In cold areas such as zone 4, it is especially important to choose hardy varieties, and the Centurion Crab Apple has very hardy winter buds, and it will still bloom reliably after severe winter cold. As well as blooms, there are other good reasons to grow the Centurion Crab Apple. Unlike many other flowering trees, crab apples give double interest, because the fruits are almost as beautiful as the flowers. The fruits vary in size and color, and the Centurion Crab Apple has beautiful rosy-red apples that are about the size of cherries, carried in hanging clusters all along the branches.
Uses in the Kitchen
These relatives of eating apples are too sour to eat raw, but they do make very tasty jellies, that are an amazing shade of pink, from the skin of the fruits. If you like preserving, and like to eat food from your garden, then crab apple jelly is your friend. As well, the profuse bloom of crab apples will pollinate almost any type of eating apple, so that you can grow one crab apple tree and pollinate a whole collection of eating apples, without having to worry about precise matching of varieties.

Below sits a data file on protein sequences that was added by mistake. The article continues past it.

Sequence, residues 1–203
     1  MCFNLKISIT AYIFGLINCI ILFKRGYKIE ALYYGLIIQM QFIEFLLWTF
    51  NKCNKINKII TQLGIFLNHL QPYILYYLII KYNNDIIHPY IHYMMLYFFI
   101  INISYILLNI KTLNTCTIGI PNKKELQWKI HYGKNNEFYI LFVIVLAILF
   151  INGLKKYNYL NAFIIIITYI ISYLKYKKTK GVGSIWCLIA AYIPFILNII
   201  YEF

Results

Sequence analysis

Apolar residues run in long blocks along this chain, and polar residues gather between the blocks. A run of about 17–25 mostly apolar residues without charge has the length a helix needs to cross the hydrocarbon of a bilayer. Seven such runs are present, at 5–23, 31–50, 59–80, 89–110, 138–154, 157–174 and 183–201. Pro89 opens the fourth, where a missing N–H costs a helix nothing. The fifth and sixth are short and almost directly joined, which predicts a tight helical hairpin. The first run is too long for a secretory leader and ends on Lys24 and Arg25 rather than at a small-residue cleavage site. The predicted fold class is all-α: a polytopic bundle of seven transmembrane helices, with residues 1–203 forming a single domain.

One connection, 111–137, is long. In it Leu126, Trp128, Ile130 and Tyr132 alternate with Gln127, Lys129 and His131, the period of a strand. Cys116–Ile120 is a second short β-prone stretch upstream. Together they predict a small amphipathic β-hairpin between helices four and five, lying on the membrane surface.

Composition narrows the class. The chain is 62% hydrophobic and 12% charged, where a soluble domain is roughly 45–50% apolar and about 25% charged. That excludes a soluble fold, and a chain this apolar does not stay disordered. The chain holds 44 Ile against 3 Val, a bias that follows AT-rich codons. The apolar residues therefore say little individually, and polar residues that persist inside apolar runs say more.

Planting and Initial Care
Plant the Centurion Crab Apple in a sunny or lightly-shade spot, as a specimen in a lawn, in a row along a driveway or property line, or as a backdrop behind flowering shrubs. You may want to keep it away from a driveway or patio, because of the falling fruit in fall and winter. It will grow well in almost any type of soil that is not wet, from sand to clay, and from acid to alkaline.